Health management of poultry
TC Tolenkhomba and Prava Mayengbam
Contd from Saturday
Staphylococcus: Infections appear in three forms — septicemia (acute), arthritic (chronic), and bumblefoot. The septicaemia form appears similar to fowl cholera in that the birds are listless, without appetite, feverish, and show pain during movement. Black rot may show up in eggs (the organism is passed in the egg). Infected birds pass fetid watery diarrhoea. Many will have swollen joints (arthritis) and production drops. The arthritic form follows the acute form. Birds show symptoms of lameness and breast blisters, as well as painful movement. Birds are reluctant to walk, preferring to sit rather than stand. Bumblefoot is a localized chronic infection of the foot, thought to be caused by puncture injuries. The bird becomes lame from swollen foot pads.
Treatment: Novobiocin (350 g/ton) can be given in the feed for 5-7 days. Erythromycin and penicillin can be administered in the water for 3-5 days or in the feed (200 g/ton) for 5 days. Other antibiotics and drugs are only occasionally effective. Prevention:Remove objects that cause injury. Isolate chronically affected birds. Provide nutritionally balanced feed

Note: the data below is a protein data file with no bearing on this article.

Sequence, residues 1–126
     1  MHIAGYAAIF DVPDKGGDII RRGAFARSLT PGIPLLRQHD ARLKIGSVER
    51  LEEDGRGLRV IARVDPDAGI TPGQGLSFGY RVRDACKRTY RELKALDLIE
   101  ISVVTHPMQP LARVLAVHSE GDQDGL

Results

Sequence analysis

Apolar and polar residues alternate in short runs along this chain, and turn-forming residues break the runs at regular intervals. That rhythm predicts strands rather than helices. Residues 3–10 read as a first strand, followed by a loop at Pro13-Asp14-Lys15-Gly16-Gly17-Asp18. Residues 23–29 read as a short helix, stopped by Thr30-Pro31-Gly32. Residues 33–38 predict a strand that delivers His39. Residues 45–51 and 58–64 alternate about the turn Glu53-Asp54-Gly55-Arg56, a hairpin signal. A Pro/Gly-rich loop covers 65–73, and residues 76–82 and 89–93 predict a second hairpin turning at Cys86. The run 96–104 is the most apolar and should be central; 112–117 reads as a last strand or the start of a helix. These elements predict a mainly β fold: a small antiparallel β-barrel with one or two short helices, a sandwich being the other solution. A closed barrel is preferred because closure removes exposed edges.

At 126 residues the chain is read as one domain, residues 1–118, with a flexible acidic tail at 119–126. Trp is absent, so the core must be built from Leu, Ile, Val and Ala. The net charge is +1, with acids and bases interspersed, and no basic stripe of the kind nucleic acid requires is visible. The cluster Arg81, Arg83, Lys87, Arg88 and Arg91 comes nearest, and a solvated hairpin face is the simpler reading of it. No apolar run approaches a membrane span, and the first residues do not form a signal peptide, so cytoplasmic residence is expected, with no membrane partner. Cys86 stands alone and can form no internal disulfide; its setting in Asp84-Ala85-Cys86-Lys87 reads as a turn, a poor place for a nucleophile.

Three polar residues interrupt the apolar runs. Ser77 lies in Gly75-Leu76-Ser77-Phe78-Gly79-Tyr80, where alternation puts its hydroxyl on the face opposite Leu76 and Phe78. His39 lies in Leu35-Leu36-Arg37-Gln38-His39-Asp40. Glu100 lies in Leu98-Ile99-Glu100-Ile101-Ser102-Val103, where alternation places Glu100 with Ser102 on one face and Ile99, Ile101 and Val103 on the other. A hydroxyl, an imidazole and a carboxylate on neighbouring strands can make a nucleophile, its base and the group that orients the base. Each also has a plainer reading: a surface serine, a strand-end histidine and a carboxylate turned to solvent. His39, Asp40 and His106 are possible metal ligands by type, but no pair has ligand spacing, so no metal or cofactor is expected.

Nutritional problems: Birds that are fed an adequate diet made up from a good commercial feed are unlikely to suffer from nutritional problems unless there are additional factors involved, such as diseases that result in diarrhoea or otherwise interfering with the digestive system.
Stress: Any form of stress may result in a disease outbreak, or diseases in individual birds, as a result of a disease causing organism that is not normally a problem. Any disease will also result in stress, and may therefore increase the potential for other diseases. Stress may result in the immune system not being able to cope with the disease challenge.
(To be contd)